Viewsonic Pro9000 Projector - Physical Tour
We will start our tour of the Viewsonic Pro9000 facing the front.
10/15/12 - Art Feierman
Viewsonic Pro9000 Projector - Appearance
Housed in the same, small, mostly shiny black case with some very dark gray trim, the Viewsonic Pro9000 is smaller than most of the 1080p home theater projectors on the market. The Pro9000 projector is definitely a full size smaller than projectors like the Panasonic PT-AE8000, and Epson Home Cinema 5020. It's even smaller still compared to projectors from JVC and the recently reviewed Sony VPL-HW50ES.
That's not surprising, single chip DLP projectors are far easier to build "small" than competing 3LCD and LCoS projectors.
This projector shares features with the commercial version. That's one reason why the Viewsonic Pro9000 has built in speakers
The lens of the Viewsonic Pro9000 is offset to the right (if facing the Pro9000). The focus ring is on the recessed zoom lens, while the zoom adjustment feature is on the top, above the lens.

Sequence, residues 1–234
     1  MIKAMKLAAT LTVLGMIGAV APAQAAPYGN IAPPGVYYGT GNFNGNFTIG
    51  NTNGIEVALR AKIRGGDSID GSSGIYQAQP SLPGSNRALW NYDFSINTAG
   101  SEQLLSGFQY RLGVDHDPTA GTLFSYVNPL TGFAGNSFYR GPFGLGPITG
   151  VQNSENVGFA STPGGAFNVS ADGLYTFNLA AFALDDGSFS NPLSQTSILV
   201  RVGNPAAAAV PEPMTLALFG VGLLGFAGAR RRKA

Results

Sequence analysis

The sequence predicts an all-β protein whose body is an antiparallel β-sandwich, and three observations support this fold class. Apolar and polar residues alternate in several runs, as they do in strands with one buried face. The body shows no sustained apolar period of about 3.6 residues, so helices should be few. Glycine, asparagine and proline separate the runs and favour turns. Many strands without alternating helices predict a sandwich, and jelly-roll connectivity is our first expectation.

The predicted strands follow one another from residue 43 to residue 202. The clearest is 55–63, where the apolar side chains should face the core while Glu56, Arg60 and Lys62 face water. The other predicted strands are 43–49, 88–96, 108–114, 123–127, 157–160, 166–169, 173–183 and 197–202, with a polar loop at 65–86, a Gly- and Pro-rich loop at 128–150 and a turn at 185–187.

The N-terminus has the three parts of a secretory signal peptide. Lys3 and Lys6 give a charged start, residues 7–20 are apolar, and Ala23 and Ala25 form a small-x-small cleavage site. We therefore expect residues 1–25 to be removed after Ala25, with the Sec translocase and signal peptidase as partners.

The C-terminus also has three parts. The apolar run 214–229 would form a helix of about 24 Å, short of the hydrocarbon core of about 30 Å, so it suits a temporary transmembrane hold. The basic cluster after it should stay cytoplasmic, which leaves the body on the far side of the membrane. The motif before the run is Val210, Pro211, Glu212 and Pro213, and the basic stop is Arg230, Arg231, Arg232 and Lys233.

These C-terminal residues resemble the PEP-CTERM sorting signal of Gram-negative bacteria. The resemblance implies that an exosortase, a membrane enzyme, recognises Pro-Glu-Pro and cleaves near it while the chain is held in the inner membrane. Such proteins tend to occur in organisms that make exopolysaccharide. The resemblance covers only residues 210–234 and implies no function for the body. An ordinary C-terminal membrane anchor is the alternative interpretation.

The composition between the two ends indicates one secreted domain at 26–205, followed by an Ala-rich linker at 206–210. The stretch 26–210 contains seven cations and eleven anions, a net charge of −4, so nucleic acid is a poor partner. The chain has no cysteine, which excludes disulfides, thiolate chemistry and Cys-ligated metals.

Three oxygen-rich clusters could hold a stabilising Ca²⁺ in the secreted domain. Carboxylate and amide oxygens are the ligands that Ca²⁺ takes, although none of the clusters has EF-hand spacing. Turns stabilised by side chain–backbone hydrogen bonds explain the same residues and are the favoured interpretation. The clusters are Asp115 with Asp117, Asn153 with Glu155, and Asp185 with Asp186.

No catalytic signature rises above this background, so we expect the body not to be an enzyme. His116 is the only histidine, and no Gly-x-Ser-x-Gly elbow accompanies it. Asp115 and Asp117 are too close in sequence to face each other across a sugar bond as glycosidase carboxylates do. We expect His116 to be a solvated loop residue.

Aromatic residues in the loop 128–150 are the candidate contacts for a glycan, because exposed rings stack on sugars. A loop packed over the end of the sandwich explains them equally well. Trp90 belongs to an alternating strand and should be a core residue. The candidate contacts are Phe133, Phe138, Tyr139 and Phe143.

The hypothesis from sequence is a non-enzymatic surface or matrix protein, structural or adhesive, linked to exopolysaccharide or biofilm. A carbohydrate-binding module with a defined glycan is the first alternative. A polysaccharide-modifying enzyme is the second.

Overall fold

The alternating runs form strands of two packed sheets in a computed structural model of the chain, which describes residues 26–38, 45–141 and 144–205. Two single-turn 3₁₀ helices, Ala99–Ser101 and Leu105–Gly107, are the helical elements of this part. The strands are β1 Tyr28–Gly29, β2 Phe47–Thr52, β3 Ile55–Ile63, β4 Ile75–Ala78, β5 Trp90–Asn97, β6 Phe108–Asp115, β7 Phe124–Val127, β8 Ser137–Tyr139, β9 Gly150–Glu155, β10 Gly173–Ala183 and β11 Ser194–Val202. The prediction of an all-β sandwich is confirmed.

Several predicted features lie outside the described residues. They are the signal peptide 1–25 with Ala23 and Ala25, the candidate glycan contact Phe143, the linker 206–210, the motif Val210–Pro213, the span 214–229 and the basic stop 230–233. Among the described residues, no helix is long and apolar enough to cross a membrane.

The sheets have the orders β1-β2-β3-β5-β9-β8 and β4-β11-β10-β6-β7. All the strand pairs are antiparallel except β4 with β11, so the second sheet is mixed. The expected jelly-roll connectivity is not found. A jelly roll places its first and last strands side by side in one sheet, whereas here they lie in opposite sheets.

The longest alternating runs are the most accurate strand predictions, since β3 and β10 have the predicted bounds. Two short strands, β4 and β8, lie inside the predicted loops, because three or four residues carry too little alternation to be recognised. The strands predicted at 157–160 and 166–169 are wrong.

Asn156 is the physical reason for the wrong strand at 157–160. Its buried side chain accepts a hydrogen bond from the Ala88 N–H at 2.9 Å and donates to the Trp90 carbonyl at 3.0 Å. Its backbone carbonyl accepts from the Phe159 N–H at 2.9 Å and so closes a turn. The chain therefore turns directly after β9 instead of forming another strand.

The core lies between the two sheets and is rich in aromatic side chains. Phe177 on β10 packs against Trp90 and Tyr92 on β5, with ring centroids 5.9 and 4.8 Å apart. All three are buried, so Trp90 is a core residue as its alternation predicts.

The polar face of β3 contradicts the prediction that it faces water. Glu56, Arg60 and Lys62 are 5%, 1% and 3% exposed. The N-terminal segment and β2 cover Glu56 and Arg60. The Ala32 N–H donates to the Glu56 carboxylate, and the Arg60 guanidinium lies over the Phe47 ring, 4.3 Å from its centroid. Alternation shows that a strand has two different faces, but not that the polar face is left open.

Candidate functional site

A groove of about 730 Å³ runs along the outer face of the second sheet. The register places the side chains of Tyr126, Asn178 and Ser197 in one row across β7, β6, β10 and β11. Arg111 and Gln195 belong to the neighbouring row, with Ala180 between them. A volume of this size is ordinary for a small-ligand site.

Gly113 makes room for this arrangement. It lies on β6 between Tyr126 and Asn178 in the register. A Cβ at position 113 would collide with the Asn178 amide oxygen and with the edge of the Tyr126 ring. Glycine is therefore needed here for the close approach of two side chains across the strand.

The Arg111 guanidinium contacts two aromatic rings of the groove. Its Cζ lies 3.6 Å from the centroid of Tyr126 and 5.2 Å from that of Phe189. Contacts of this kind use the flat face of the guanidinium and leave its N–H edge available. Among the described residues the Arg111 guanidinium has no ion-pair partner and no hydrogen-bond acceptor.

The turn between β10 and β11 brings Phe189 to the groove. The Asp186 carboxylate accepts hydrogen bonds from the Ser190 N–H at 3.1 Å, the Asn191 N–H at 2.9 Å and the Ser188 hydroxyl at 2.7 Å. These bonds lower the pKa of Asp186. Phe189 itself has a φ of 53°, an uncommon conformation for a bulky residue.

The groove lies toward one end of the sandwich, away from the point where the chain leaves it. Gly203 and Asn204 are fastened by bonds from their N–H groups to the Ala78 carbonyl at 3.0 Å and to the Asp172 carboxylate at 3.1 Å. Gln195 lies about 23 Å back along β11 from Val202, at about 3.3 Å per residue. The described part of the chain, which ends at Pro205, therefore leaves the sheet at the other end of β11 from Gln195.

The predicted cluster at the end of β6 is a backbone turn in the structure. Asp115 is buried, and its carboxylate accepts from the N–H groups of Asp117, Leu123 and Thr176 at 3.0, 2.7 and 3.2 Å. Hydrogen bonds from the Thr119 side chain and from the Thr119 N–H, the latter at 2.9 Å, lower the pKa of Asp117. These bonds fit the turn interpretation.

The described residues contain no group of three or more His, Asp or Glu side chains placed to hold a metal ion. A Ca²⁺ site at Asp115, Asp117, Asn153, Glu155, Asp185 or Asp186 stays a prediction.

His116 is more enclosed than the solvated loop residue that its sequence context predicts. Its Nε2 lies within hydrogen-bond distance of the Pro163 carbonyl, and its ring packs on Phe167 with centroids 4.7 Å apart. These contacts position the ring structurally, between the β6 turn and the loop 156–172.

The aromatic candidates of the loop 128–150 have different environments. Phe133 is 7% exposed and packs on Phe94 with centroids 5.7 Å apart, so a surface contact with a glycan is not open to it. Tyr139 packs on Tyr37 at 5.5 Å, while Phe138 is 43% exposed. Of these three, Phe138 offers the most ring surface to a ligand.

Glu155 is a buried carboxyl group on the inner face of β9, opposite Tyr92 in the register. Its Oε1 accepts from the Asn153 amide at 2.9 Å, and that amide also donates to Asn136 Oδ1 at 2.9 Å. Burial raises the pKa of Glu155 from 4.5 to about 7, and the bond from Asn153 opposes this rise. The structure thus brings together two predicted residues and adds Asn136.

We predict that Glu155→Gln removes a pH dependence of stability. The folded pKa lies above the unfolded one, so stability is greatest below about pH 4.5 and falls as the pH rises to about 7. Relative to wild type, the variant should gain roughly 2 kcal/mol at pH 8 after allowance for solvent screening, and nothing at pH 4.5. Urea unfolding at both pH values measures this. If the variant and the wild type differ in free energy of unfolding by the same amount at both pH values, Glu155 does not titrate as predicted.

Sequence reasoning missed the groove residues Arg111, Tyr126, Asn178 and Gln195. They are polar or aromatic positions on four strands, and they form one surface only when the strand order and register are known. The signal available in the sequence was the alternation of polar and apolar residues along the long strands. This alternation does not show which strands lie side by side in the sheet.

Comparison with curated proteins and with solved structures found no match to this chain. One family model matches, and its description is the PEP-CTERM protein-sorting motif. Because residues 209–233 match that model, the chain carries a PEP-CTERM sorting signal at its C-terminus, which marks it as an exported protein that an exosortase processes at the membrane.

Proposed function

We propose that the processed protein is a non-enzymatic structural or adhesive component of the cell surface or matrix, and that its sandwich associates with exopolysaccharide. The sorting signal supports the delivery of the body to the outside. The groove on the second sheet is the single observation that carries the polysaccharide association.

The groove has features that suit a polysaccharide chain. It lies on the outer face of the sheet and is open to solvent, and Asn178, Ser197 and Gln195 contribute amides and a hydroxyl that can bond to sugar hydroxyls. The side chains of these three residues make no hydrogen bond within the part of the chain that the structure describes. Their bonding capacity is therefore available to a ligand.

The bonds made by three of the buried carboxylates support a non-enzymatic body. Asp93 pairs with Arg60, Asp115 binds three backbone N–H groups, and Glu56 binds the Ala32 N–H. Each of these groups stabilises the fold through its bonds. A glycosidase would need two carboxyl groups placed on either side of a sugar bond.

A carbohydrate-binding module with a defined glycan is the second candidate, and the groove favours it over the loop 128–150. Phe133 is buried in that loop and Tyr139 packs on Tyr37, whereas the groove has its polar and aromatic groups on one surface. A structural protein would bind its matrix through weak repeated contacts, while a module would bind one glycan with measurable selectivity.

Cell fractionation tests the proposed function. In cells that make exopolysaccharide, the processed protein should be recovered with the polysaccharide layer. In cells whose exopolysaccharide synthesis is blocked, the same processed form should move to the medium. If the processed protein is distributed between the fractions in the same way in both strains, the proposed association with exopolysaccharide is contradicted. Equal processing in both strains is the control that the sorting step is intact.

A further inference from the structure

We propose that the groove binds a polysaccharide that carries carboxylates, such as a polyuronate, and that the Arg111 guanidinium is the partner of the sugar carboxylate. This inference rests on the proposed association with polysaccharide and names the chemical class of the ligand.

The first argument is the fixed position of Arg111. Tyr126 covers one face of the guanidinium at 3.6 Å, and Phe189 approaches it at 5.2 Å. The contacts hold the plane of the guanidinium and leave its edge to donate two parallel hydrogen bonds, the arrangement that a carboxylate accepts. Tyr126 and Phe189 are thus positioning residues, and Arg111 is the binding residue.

Back to the front, you will also find the front infra-red sensor for the remote control. Underneath the front, are two screw thread adjustable feet. (Two more feet in the back).
The projector has its intakes on the side, and also the exhaust.
Moving to the top you will find the control panel.
All the inputs, and the power receptacle, are located on the back.
The projector comes with a tethered lens cover. This is removable should you want to mount the projector and not need it. For those that may be buying this projector for more portable use (it does have a pair of speakers, as mentioned), the cover is very handy.
Pro9000 Control Panel
The control panel of the Viewsonic Pro9000 is pretty standard fare. A nice blue LED color is around the power switch. Press once for on, twice for off. There are the usual 4 navigation arrows in a round formation. The Up and Down arrows double for adjusting keystone correction when not using the menus.